[erlang-questions] Ways to get started
Wed Jul 13 11:18:57 CEST 2011
On Wed, Jul 13, 2011 at 9:39 AM, Loïc Hoguin <essen@REDACTED> wrote:
> On 07/12/2011 10:01 PM, Joe Armstrong wrote:
>> 90% of time = understanding the problem
>> 10% coding the final version
>> (in the 90% I'll write lots of code to throw away - no point in having
>> a revision control system for this bit) - I don't want to keep it
> This part is very important. That's how good code is written. It is
> essential however to write code in the 90% of time, you can't just
> "think" about it, you have to try an implementation, learn from the
> mistakes you made, try another, and so on, until you find the best one.
> First time you might have to rewrite it all, then as you get closer to
> your goal you get less and less to rewrite.
> Of course most people with deadlines just stick with the first version
> of their code. But that's a mistake as it'll leave bugs that you'll have
> to fix, and the bad code you wrote for the first deadline is going to
> make the next deadlines harder to get. So you write code that becomes
> worse as time goes on and the project becomes a mess.
> If you can't use Joe's method when starting a project and still meet the
> deadline, then the planning was wrong and you simply needed more time.
> Don't kill your projects at birth just to meet some arbitrary time
> requirement. Because I'm sure you all know that estimating development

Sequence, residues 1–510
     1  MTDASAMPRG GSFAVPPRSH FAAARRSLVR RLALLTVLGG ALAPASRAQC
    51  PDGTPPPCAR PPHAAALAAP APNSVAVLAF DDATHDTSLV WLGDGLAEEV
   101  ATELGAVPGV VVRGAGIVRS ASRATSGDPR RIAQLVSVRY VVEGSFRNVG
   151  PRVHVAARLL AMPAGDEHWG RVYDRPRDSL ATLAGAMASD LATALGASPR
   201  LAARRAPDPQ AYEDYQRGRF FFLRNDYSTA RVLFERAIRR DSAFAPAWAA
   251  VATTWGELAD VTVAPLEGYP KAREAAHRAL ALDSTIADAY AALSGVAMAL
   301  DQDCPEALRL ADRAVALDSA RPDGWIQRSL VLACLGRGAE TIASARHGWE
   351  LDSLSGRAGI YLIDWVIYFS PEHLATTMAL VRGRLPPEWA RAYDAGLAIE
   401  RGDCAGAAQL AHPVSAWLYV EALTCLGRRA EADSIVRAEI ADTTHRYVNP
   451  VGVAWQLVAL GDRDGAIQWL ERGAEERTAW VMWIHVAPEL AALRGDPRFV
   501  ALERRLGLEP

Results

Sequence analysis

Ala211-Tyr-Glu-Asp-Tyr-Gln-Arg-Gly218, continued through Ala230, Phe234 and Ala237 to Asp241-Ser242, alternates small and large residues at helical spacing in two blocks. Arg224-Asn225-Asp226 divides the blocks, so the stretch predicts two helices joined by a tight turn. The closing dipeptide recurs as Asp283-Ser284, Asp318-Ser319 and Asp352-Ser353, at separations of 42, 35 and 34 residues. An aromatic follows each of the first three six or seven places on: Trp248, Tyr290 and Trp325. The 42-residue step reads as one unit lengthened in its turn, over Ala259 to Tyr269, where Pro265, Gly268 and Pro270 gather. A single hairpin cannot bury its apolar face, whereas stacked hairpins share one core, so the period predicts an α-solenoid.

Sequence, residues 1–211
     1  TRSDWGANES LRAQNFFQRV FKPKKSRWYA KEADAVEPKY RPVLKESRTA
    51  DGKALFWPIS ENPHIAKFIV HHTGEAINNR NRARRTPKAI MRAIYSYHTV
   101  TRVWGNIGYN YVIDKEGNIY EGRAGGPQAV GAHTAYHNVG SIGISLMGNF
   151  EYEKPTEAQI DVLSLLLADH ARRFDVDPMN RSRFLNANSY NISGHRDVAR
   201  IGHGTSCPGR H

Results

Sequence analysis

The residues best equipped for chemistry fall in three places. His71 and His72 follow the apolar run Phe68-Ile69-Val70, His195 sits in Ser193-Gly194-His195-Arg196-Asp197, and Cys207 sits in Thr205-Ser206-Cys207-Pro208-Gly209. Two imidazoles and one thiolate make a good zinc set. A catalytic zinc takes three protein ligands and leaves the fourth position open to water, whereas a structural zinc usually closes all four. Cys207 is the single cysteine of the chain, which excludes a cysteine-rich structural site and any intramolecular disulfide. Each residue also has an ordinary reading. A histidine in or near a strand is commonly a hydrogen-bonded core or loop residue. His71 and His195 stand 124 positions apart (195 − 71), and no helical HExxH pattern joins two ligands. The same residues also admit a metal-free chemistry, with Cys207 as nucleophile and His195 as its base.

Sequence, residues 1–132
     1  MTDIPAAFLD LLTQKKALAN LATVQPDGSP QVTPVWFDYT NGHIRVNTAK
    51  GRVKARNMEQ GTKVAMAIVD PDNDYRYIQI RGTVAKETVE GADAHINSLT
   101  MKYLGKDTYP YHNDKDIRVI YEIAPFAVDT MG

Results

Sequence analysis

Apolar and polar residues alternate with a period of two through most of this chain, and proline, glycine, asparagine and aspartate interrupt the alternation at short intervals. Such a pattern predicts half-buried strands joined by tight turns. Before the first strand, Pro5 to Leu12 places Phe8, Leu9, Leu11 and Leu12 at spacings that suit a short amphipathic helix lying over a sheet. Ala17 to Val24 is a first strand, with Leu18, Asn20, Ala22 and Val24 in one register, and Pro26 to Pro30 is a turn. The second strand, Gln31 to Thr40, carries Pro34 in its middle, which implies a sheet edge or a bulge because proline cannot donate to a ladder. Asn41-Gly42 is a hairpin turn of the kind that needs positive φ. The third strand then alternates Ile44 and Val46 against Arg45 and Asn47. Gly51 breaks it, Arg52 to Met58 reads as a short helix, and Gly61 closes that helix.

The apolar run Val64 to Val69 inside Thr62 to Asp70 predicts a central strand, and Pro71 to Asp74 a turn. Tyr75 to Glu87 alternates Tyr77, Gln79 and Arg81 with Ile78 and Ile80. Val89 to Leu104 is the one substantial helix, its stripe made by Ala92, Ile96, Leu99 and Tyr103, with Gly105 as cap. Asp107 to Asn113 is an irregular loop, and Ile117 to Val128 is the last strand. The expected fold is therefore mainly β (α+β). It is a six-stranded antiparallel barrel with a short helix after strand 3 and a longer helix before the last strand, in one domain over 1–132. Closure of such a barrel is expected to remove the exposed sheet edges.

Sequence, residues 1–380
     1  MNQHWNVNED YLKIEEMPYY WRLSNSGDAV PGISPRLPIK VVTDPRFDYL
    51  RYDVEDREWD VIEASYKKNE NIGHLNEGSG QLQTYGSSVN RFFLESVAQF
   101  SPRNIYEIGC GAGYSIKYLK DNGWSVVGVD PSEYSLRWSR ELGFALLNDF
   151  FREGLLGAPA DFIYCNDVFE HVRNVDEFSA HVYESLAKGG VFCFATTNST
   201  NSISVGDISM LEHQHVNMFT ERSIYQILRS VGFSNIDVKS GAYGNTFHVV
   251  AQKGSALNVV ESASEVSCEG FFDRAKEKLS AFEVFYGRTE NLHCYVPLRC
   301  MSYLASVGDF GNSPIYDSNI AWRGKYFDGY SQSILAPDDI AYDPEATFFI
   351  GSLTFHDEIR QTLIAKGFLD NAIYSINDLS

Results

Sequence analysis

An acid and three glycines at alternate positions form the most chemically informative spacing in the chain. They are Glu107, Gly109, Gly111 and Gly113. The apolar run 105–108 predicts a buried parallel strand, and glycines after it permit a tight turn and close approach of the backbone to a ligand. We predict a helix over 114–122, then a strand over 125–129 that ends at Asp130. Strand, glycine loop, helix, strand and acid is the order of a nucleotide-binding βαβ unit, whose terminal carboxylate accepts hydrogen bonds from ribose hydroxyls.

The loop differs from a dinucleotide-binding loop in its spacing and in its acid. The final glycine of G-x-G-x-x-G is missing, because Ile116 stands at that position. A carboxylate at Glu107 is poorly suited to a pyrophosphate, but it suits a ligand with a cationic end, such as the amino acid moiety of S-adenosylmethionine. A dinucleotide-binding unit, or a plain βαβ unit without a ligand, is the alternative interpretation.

> time is far from a science.
>> Zen development - no tools - just your brain - all we are doing
>> in making pleasing patterns of zeros and ones that follow the way
>> of programming. If we follow the way the programs will please us.
> "Zen" is kind of overused. But that sums it up nicely.
> Note though that while good tools aren't necessary for development, they
> are important for maintenance, bug fixing and even bug detection.
> Bisecting for example allows to find causes of regressions much more
> efficiently than printf.
Absolutly - when a team of programmers in volved you need all these things.
But this thread was called "Ways to get started".
I suggested in the beginning writing a three line program and typing
two lines into the shell.
That's how to get started.
Actually in my book I don't get to storing modules in files until
chapter three. So we could omit the three line program.
So here's the short version of how to get started:
1) Install erlang (read the FAQ to do this)
2) type erl - you should see a prompt like this
3) type a command and end it with a dot
> 1234 + 34535.
REPL systejs are brilliant since the barrier to entry is very low.
Just remember the "." at the
end of every line :-)
That's how to get started - telling people that you need to set up a
complex tool chain
before you can do this is nonsense. This comes far later, and anyway
setting up GIT or whatever
has nothing to do with Erlang.
> Tests, dialyzer, git and all the other tools become important only when
> you are done iterating over your program's architecture. But even then
> they aren't as important as the code itself.
> Loďc Hoguin
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